Shanley Facing Calif. Charge; Files Show Allegations Vs. 3 More Priests

By Franci Richardson and Robin Washington
Boston Herald
December 19, 2002

As more sexual abuse allegations against Archdiocese of Boston priests emerged yesterday, California officials prepared a rape case against the Rev. Paul R. Shanley, who already faces Bay State charges of raping four Newton CCD students in the 1980s.

Shanley, a former Boston street priest released from Middlesex Jail on $ 300,000 bail last week after being held since May on the Newton charges, is the subject of a San Bernardino, Calif., sheriff's probe expected to be forwarded to prosecutors in the next three weeks.

"We have some investigative work still remaining but we anticipate the case will be concluded enough to submit to the district attorney for their review," sheriff's spokesman Chip Patterson said.

The possible criminal prosecution comes after a California man filed suit Monday alleging Shanley sexually abused him at various locations, including a bed and breakfast co-owned by the priest, when Shanley lived there in the 1990s.

"He invited me down to Palm Springs, where he exploited me at that resort," Kevin English, 30, told the Herald. "He would encourage me to have sex with his clients or whatever. He'd say, 'Those guys are from Holland. Why don't you go into the Jacuzzi with them?' I think he was pimping me and I didn't even know it."

Shanley could not be reached for comment, and his lawyer, Frank Mondano, did not return a call.

Yesterday, newly released files provided insight into how the Boston archdiocese has handled disturbing molestation charges against three more priests.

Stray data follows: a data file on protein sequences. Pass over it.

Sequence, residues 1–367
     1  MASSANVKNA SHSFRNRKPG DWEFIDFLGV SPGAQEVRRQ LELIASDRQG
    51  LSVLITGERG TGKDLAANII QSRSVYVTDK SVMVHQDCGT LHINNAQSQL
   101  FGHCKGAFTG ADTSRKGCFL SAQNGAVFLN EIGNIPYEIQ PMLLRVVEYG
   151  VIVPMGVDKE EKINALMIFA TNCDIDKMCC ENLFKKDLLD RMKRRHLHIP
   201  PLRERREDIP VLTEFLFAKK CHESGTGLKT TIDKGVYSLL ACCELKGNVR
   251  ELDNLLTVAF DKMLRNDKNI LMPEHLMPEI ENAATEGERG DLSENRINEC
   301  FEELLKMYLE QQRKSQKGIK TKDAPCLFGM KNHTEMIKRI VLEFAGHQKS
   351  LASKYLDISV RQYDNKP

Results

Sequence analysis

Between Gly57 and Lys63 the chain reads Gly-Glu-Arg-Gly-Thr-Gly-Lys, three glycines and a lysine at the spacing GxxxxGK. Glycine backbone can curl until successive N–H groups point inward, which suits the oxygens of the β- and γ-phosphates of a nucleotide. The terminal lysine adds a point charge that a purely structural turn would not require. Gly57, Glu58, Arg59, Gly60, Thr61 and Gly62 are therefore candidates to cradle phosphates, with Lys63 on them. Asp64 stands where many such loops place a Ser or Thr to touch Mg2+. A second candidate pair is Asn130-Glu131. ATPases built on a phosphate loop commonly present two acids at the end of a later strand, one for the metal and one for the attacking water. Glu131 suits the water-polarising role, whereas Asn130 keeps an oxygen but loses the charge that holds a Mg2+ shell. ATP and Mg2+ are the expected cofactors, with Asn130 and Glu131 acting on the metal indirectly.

Since the early 1980s, church officials have doled out thousands of dollars to pay for the Rev. Paul Tivnan's housing, therapy, dental and medical costs, including a breast reduction in 1985 - despite his admission he molested two boys in the late 1970s.

"The accusation is that Paul Tivnan, while stationed in (Sudbury, Needham and Marlboro), has used his office to gain sexual satisfaction with these youth," according to church records.

In 1974, Tivnan, now 66, who was associate pastor at Our Lady of Grace in Chelsea, allegedly took a troubled 12-year-old boy on an overnight trip and, "He was bumping and grinding . . .," the boy said in the file.

Another boy, who was 9 in 1978, went with Tivnan - then associate pastor at Our Lady of Fatima in Sudbury - and said the priest "threw himself onto (him) and used his buttocks as a means of sexual activity," read the file.

While Tivnan was sent to St. Luke's Institute in Washington, D.C., for treatment, he was diagnosed with Klinefelter's syndrome, a genetic disorder which results in breast enlargement, small genitalia and infertility.

Tivnan had his breasts reduced surgically in 1985 and was put on twice weekly shots of a female contraceptive to reduce his libido.

After he was released from St. Luke's, Tivnan was reassigned several times as a chaplain until last year when he received senior priest-retirement status and moved to Beverly. He did not return a call from the Herald.

The Rev. Samuel J. Lombard, who died in 1999 a year after he retired from St. Agnes in Middleton, and the archdiocese were named in a lawsuit accusing the priest of sodomizing a 9-year-old altar boy in the sacristy of St. Thomas in Peabody in 1968.

"Cardinal Bernard Law, of the Archdiocese of Boston, failed to respond when he was told of the abuse," reads the ongoing suit filed last year in Salem District Court. "Fr. Lombard abused this authority and trust by sexually molesting plaintiff and causing him deep and tormenting spiritual, emotional, psychological and physical pain and injury."

The suit was filed after the archdiocese cut off financial support for the alleged victim's therapy.

The Rev. Peter Kanchong, 62, originally of Thailand, faced charges in 1984 of sexually abusing a 9-year-old girl while assigned to St. Margaret's in Dorchester.

The allegation prompted Law to write a letter begging Kanchong's Thailand superiors to call for his return home.

"His continued presence in the Archdiocese of Boston runs the risk of serious personal harm and grave scandal for the church," Law wrote in October 1984, days after the abuse allegation surfaced. "At this time, the court is attempting to handle the matter in such a way as to help Father Peter and avoid scandal to the church and the priesthood."


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